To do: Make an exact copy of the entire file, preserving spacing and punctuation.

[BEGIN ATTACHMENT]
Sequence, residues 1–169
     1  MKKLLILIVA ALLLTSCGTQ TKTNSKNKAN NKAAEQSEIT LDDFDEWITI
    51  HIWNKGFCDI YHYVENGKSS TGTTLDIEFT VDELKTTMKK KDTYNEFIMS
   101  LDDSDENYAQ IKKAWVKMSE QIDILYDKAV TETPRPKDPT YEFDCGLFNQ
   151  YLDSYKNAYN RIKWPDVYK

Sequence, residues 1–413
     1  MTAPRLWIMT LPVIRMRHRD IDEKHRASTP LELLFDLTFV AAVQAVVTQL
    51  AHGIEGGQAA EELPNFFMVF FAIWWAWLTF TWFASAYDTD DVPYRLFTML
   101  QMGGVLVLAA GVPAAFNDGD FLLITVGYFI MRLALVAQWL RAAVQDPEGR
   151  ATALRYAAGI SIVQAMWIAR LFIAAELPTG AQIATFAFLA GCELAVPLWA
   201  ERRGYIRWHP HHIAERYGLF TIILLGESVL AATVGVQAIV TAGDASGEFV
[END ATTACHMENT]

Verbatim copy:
Sequence, residues 1–169
     1  MKKLLILIVA ALLLTSCGTQ TKTNSKNKAN NKAAEQSEIT LDDFDEWITI
    51  HIWNKGFCDI YHYVENGKSS TGTTLDIEFT VDELKTTMKK KDTYNEFIMS
   101  LDDSDENYAQ IKKAWVKMSE QIDILYDKAV TETPRPKDPT YEFDCGLFNQ
   151  YLDSYKNAYN RIKWPDVYK

Sequence, residues 1–413
     1  MTAPRLWIMT LPVIRMRHRD IDEKHRASTP LELLFDLTFV AAVQAVVTQL
    51  AHGIEGGQAA EELPNFFMVF FAIWWAWLTF TWFASAYDTD DVPYRLFTML
   101  QMGGVLVLAA GVPAAFNDGD FLLITVGYFI MRLALVAQWL RAAVQDPEGR
   151  ATALRYAAGI SIVQAMWIAR LFIAAELPTG AQIATFAFLA GCELAVPLWA
   201  ERRGYIRWHP HHIAERYGLF TIILLGESVL AATVGVQAIV TAGDASGEFV